Wood fencing systems are designed to make wood fencing easier to assemble and install. Instead of having to cut and place every post and beam, your installer (or even you, if you are handy) can just put together a few partially assembled pieces right on-site. However, one decision you will need to make when choosing a wood fencing system is the type of wood you want the fencing created from. Here are three of your best options.
1. Pressure-Treated Pine
Regular pine is not durable enough to be used as fencing. However, pine that has been pressure-treated has been heated, put under pressure, and treated with certain chemicals to increase its density. It is a really sturdy option that will not succumb to deterioration or rot, even when exposed to moisture and temperature changes. Insects like termites won't eat it. The only downfall is that you can't really stain pressure-treated pine. You can paint it, but the paint will need upkeep as with any other wood. The greenish color is unappealing to some homeowners.
Cedar is a softwood, but it is well-suited to fencing because it contains natural oils that repel the bacteria and fungi that cause rot. You do not have to treat cedar in any way; you just let it breathe. It starts out a nice reddish color and weathers to a beachy gray over the span of a year or two. Termites and carpenter ants don't bother it, and it has an enjoyable scent. The only downfall of cedar is that is it not quite as structurally sound as pressure-treated pine. It is more likely to crack if you hit it with a lawn mower, a horse bumps into it, and so forth.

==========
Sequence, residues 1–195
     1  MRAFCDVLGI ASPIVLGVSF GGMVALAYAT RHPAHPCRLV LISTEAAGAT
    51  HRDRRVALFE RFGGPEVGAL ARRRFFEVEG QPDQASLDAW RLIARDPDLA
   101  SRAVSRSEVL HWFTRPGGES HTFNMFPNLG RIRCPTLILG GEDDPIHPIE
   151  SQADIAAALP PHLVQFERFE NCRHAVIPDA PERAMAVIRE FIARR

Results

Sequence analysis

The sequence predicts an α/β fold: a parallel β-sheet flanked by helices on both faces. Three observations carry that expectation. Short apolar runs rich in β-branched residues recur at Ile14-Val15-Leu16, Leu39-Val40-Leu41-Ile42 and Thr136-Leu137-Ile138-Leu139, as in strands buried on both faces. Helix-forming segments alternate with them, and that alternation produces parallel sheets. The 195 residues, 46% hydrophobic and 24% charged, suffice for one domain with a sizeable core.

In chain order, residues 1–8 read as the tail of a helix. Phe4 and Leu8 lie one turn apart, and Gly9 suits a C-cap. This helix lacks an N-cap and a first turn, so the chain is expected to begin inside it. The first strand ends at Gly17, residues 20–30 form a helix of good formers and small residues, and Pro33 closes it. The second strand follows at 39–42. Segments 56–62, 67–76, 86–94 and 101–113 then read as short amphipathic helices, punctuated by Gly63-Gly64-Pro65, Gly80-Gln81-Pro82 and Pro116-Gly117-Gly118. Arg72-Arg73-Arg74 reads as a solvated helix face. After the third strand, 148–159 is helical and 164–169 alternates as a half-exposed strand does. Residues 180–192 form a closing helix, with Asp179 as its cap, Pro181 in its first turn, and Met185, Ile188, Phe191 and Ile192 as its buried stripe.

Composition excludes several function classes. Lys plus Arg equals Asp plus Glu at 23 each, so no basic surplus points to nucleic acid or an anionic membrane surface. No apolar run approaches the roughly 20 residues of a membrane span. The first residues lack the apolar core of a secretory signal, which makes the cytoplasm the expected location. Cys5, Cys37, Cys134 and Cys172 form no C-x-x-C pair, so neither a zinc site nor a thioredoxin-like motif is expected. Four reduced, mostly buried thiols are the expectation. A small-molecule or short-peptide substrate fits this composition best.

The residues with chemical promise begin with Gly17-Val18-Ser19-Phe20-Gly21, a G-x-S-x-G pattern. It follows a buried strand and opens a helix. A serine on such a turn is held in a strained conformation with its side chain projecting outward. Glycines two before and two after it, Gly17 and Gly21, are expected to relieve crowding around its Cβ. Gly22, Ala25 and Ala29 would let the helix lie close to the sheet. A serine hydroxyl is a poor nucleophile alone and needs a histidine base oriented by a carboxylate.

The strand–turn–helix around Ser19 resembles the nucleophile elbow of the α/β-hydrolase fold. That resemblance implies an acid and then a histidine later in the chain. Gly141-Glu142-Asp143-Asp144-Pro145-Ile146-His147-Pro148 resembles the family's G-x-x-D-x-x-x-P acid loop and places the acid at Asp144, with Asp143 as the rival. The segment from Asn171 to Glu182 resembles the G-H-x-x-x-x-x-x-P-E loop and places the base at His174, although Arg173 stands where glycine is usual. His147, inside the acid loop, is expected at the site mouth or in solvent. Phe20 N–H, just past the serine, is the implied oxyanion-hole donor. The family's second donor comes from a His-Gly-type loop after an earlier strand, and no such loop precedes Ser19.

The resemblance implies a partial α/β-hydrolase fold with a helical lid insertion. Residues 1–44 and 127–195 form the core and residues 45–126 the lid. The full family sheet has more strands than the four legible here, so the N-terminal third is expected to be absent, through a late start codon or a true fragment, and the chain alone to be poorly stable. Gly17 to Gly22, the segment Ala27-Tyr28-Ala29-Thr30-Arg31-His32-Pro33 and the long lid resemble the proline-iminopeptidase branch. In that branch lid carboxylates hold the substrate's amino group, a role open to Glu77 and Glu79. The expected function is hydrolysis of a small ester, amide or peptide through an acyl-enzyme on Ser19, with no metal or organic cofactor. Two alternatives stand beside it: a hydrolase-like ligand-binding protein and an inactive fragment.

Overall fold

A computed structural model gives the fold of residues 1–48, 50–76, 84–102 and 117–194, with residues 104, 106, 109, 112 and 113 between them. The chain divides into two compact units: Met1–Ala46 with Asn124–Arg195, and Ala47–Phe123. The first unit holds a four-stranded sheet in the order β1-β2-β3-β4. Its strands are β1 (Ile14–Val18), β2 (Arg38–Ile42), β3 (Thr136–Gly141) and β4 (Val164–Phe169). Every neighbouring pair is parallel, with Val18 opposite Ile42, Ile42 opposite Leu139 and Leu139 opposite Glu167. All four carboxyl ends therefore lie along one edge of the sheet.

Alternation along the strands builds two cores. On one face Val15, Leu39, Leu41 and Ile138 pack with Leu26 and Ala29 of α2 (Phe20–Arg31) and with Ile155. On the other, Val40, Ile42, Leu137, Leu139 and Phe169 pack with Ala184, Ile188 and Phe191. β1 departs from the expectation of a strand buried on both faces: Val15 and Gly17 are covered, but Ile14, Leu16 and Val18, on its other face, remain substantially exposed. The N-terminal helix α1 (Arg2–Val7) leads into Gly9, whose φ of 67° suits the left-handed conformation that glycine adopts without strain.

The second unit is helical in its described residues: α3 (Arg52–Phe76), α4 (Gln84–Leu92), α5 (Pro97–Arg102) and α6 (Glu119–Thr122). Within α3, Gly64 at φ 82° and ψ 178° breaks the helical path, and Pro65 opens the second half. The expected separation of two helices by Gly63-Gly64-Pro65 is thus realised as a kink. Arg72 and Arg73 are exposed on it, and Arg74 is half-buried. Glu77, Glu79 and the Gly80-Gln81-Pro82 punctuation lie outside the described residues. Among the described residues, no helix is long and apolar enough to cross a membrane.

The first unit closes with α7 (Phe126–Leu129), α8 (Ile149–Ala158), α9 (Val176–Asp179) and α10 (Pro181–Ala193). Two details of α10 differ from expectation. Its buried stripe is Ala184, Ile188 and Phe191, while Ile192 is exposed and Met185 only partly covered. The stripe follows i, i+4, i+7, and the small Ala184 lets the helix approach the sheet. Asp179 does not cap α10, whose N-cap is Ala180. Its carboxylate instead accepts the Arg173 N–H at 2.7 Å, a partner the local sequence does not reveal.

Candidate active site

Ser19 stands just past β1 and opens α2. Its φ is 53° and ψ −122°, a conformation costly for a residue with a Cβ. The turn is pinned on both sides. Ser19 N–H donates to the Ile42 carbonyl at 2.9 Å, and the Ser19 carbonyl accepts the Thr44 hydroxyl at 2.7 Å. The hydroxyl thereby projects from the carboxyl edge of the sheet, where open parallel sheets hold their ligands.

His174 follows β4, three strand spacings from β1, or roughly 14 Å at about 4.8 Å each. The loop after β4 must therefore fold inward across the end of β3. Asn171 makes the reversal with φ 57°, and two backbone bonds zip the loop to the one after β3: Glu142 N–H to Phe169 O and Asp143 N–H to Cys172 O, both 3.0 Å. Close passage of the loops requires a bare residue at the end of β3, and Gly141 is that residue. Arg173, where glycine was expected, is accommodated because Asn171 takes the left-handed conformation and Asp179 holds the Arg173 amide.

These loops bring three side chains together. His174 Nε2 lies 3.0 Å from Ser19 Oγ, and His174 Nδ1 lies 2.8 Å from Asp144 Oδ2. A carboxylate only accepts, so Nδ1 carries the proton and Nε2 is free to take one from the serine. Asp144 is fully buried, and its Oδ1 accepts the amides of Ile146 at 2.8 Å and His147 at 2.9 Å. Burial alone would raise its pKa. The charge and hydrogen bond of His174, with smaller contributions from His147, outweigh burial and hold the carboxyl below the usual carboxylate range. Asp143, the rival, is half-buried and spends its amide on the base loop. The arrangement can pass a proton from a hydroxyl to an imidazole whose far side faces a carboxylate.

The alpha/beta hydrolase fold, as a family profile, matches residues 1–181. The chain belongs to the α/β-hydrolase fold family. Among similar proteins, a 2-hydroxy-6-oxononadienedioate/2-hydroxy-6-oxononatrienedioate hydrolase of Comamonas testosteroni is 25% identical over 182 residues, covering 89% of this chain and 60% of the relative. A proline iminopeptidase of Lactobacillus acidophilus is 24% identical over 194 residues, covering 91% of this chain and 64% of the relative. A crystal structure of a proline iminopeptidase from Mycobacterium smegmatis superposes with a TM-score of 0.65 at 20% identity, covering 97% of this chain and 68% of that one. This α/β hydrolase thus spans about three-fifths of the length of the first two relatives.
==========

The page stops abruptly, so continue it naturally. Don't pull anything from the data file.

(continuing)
Cypress fencing systems have a lot of the same advantages as cedar. Cypress is naturally resistant to rot and insect damage, and it does not need to be stained or painted. It is a little stronger than cedar, but it can be more pricey, especially in the northern U.S. where cypress does not grow readily. Cypress has a yellow-brown color with a bold grain, which is not everyone's favorite look.
Which type of wood is best for your fencing system? That depends on your preferences. Pressure-treated pine is widely available and incredibly durable, but cedar and cypress have more visual appeal. Weigh these options and talk to your fencing company to learn more.